Vector of Bits
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Vector of Bits (Vob)

A Vob is a "vector of bits": a sequence of bits which exposes a Vec-like interface. Whereas Vec<bool> requires 1 byte of storage per bit, Vob requires only 1 bit of storage per bit. Vob is broadly similar to BitVec, but has an API more closely aligned to Vec<bool> and allows non-32-bit backing storage. On 64-bit systems this can lead to a substantial performance increase, particularly when functions such as iter_set_bits are used.


#[macro_use] extern crate vob;

let mut v = vob![false, true, false];
assert_eq!(v[2], false);
v.set(2, true);
assert_eq!(v[2], true);
assert_eq!(v.iter_set_bits(..).collect::<Vec<_>>(), vec![1, 2]);

Migrating from Vec<bool>

As far as possible, Vob is intended to have a superset of Vec<bool>'s interface, which should make porting most code fairly simple. However, Vec<bool> contains several functions which are not yet implemented in Vob: these are missing simply due to a lack of a current use-case rather than because of any fundamental incompatibilities.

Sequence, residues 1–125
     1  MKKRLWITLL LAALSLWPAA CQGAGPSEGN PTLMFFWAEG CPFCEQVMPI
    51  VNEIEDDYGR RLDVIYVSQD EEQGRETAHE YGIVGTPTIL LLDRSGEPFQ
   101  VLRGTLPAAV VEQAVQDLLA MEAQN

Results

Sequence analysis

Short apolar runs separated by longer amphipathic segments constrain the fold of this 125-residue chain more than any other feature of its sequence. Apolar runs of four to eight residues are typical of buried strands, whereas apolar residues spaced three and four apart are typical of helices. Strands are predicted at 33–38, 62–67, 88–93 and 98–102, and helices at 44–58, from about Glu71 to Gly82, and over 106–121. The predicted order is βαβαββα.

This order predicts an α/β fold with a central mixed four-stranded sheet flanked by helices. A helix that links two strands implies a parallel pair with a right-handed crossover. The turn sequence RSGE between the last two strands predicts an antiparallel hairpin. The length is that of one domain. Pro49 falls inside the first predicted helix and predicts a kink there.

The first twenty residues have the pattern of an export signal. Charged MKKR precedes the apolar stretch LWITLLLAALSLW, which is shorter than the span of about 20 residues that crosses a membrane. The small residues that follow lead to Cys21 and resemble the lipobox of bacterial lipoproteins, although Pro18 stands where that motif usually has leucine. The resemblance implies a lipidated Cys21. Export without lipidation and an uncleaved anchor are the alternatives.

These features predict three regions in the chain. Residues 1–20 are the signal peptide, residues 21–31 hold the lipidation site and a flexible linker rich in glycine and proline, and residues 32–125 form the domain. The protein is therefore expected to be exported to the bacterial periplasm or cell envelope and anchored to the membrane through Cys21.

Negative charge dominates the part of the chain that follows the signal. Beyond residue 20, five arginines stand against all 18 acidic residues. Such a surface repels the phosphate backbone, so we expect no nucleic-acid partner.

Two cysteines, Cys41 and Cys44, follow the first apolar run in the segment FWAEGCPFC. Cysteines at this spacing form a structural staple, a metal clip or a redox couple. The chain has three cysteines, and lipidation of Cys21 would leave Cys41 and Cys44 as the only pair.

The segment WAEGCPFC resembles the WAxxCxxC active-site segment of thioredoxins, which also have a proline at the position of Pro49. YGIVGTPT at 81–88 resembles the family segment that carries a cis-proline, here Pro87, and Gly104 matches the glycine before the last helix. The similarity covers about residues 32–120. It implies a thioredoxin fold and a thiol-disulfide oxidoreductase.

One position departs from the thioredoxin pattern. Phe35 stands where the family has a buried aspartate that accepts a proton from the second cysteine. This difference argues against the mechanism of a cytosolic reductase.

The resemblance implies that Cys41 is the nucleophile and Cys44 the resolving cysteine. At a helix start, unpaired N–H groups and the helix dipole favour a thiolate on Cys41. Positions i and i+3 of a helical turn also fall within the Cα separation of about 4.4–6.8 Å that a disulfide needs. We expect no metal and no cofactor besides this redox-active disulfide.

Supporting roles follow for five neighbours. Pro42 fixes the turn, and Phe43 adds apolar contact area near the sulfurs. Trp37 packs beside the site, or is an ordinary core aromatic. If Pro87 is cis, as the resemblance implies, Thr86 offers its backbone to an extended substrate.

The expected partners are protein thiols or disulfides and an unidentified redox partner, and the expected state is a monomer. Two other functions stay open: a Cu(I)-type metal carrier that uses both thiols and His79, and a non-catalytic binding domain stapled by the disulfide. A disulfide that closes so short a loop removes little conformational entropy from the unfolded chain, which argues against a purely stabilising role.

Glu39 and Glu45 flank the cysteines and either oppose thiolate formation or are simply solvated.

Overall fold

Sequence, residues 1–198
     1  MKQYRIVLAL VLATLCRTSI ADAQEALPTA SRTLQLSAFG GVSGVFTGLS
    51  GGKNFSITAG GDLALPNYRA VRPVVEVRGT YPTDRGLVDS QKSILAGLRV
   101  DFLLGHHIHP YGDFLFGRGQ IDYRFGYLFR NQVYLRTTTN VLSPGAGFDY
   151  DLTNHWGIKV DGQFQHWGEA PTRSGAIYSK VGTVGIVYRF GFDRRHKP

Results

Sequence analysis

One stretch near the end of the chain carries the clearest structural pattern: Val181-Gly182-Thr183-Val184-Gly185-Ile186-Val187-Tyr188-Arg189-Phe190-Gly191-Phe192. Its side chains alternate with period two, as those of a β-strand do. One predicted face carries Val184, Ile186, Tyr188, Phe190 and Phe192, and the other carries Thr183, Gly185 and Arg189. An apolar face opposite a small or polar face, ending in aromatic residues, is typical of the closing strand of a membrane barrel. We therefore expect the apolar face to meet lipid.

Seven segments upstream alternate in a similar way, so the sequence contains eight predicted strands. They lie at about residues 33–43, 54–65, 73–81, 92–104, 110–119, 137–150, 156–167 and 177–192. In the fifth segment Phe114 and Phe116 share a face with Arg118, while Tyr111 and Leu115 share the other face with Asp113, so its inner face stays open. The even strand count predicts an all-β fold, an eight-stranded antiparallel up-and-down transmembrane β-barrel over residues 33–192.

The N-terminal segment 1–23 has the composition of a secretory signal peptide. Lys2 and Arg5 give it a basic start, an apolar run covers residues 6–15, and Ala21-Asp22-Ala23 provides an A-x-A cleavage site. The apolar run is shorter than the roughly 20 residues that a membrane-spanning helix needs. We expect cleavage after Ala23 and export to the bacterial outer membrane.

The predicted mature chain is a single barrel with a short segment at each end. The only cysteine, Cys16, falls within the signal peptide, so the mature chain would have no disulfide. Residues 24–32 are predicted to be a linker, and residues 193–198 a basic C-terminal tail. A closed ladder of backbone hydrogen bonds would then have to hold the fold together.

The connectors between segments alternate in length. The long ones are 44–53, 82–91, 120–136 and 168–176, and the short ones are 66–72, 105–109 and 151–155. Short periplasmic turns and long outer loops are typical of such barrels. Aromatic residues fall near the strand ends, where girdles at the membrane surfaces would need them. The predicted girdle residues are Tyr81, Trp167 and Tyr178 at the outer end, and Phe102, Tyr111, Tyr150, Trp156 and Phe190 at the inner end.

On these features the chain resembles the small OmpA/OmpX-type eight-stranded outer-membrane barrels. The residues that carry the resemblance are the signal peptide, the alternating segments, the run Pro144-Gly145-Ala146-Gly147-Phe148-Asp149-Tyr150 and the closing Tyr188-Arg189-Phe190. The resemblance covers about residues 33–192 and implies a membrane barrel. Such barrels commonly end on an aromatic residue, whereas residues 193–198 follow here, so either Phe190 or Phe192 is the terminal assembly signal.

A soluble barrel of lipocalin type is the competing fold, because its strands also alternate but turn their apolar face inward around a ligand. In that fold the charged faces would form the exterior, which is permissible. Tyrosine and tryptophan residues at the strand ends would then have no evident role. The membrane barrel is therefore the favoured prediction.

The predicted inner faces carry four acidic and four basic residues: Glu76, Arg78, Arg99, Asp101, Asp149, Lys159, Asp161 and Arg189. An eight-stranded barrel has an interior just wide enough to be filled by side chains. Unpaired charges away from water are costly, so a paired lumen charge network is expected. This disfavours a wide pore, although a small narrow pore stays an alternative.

There is one missing feature which, currently, is impossible to implement: assignment to an index. In other words one cannot currently express v[0] = true for a Vob v. Until IndexGet / IndexMove and equivalents are implemented in rustc, this restriction appears to be inevitable. Note that referencing by index works (though via a hack identical to that used in BitVec): one can write println!("{}", v[0]) for a Vob v, for example.

Migrating from BitVec

Vob is directly inspired by the BitVec crate, but aims to provide an interface more closely aligned to Vec<bool> Several functions in BitVec have different names in Vob, but porting is in general fairly simple. The main semantic difference is that Vobs clear() function empties the Vob of contents (i.e. sets its length to 0), whereas BitVec's function of the same name unsets all bits (keeping the length unchanged). The same effect as BitVec's clear can be achieved by using Vob's set_all(false) function.